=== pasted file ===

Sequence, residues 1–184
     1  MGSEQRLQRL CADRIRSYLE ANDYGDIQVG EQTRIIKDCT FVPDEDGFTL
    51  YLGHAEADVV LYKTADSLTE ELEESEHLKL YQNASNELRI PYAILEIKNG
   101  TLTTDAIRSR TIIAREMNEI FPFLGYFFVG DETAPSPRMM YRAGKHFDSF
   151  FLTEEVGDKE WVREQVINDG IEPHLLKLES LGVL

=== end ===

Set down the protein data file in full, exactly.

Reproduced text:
Sequence, residues 1–184
     1  MGSEQRLQRL CADRIRSYLE ANDYGDIQVG EQTRIIKDCT FVPDEDGFTL
    51  YLGHAEADVV LYKTADSLTE ELEESEHLKL YQNASNELRI PYAILEIKNG
   101  TLTTDAIRSR TIIAREMNEI FPFLGYFFVG DETAPSPRMM YRAGKHFDSF
   151  FLTEEVGDKE WVREQVINDG IEPHLLKLES LGVL